When  I was a small child, in the September of 1943 I started school. The school was just opposite the house I lived in, so it took just a few minutes to walk round to the gate. It was a large brick building with four school yards. I was keen to start school, my father was away in the army and mother was very busy, shopping, cooking and cleaning, looking after my little sister and me. All those jobs were very time consuming and physically demanding. I had a very nice young woman as my first teacher and it was very interesting to hear the nursery rhymes and stories she told. I soon discovered that there were a lot of things that were new to me. I don’t remember learning to count, or read or write, these things at first seemed puzzling but soon became familiar and allowed me to enter another world. My best friend had very blonde hair and blue eyes, she learnt everything very quickly, Joyce lived in the next street and like me she had a younger sister. I was a quiet girl and tagged along behind Joyce whenever I could.  The big event was to join the free library, the teacher had to sign a card to say that you could read and would take care of their books. At that time books were in very short supply,  most of the books in school and the library had been published in the 1920s and 30s. But being able to read a new book for free was very enticing, mother told me that I could only go to the library with my sister, she was in the class below me so I had to wait  until she got her ticket, then we could both get on the tram to the library.

Nowadays we have film and video easily available they are amazingly effective teaching tools. It can be argued that we need to know the individuals and organisations who are producing these films. A film can be extremely selective about the truth it reveals and indeed omits to reveal. Worse than that it can actually tell lies.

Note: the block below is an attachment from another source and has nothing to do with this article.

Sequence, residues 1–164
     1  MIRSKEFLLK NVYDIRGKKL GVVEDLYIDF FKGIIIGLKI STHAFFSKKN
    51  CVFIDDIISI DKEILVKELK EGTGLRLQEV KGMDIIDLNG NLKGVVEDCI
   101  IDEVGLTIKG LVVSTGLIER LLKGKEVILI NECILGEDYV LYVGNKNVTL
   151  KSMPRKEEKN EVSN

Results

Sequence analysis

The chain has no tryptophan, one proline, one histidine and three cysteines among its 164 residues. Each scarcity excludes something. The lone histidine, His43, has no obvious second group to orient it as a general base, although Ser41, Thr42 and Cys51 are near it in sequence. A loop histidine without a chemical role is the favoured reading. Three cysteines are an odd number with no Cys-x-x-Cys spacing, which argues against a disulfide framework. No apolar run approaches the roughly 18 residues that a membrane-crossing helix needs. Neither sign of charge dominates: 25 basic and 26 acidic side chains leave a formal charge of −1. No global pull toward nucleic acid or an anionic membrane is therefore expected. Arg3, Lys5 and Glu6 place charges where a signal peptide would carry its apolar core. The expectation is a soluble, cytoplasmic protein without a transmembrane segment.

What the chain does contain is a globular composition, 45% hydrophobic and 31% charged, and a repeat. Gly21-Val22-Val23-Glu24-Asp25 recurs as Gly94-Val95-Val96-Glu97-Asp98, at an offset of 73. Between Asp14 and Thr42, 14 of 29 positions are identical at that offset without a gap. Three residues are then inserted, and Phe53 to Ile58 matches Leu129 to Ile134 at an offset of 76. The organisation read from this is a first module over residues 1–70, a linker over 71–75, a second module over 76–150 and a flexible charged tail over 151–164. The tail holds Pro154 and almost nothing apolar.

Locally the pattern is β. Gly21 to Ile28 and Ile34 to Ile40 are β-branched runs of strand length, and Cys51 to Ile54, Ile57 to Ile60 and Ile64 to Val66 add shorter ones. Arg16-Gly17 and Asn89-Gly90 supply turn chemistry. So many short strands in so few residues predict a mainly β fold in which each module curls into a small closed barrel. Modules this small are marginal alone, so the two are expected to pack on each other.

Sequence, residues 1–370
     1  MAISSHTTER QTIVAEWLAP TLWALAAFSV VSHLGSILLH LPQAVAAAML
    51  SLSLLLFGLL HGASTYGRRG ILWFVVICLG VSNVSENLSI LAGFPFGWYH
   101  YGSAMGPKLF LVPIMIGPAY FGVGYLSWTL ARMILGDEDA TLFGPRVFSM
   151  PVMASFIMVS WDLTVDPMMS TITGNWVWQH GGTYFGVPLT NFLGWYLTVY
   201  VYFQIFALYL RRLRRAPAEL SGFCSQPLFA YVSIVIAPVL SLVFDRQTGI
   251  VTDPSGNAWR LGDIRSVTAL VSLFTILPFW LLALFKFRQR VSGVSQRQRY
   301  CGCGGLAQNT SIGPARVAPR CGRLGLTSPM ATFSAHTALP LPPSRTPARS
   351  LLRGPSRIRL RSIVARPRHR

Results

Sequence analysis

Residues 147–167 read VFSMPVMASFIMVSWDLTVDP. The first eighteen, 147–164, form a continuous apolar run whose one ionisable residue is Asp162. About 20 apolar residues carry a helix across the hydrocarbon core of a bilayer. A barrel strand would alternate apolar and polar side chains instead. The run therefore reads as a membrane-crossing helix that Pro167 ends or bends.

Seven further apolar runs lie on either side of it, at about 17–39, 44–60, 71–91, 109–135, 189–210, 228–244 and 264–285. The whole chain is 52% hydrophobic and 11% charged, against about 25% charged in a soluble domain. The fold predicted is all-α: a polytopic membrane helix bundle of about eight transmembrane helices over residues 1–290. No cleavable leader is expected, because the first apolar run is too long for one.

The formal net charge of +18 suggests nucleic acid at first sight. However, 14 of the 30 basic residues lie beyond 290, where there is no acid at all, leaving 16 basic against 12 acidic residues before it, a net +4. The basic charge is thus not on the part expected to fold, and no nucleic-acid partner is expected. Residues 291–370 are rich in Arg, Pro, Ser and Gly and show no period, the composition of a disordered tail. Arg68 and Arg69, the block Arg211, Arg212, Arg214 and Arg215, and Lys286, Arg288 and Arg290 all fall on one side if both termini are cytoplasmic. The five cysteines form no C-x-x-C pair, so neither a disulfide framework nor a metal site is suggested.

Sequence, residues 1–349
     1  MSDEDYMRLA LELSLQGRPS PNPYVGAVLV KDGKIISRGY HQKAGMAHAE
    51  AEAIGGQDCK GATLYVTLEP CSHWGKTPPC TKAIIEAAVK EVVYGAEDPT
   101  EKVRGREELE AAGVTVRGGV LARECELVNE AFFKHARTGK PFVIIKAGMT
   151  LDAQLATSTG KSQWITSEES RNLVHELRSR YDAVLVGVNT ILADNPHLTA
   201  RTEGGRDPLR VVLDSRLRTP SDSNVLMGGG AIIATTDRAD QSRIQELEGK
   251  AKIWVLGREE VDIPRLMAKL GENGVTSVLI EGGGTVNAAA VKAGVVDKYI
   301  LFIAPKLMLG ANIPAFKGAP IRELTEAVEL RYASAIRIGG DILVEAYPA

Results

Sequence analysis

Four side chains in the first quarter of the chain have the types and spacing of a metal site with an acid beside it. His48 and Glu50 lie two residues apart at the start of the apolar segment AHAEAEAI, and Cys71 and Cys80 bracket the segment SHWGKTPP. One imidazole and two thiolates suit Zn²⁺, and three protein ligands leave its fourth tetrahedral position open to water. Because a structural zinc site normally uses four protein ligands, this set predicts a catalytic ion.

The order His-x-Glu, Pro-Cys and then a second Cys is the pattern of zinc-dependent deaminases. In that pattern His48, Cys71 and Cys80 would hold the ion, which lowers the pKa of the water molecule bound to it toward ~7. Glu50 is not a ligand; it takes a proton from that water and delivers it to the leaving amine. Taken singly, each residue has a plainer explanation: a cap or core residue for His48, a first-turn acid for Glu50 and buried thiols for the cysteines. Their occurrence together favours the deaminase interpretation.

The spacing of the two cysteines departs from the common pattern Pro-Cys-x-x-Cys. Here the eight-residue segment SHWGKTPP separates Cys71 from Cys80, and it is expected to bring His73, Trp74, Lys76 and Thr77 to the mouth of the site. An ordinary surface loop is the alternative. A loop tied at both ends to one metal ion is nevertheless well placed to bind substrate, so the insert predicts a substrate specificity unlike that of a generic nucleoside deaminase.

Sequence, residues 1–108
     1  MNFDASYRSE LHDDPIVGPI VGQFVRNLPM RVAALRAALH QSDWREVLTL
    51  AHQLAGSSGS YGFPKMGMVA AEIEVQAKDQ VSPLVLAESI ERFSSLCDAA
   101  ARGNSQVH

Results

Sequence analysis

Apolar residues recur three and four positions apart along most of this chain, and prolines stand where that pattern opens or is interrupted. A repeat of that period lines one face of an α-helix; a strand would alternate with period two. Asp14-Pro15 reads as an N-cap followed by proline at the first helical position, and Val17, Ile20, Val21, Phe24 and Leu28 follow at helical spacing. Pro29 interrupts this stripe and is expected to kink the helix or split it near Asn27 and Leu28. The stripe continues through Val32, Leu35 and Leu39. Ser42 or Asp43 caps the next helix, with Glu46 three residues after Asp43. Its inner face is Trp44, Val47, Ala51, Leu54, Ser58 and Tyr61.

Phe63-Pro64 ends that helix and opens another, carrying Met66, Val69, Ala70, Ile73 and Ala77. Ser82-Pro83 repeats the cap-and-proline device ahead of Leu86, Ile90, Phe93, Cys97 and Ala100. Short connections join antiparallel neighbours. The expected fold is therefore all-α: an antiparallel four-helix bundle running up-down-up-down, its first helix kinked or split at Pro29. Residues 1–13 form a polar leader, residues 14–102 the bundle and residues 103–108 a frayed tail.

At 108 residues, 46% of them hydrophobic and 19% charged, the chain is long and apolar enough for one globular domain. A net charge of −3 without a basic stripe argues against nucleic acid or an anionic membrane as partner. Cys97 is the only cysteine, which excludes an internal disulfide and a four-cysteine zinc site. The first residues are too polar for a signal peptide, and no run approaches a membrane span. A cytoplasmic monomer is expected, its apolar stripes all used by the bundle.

The horrors of the way the very poor live in this country and many others, are such that we don’t want to know. Very few people are interested in watching sad and upsetting pictures and the rulers are fiercely against such stories becoming public knowledge, even democracies such as the UK have methods of preventing such unpleasant information coming into the public domain.

The same thing is true of the printed book, every historian looks at the facts and sees some facts that are more important than others. Who was the Prime Minister: Clement Attlee, Winston Churchill, Margaret Thatcher, David Cameron. What were the decisions made: who paid more tax, who paid less, who paid for the educational system? The middle class who did they vote for and why? The  daily lives of the ninety-nine percent are frequently left to novelists and poets. Of course there are now more historians who themselves came from the working class and often they give us a different view of history. We learn the truth from many different histories and sometimes these change over time.

Myself I looked to history to learn something about me and my family and how we fitted into the wider society. I still have a lot to learn.


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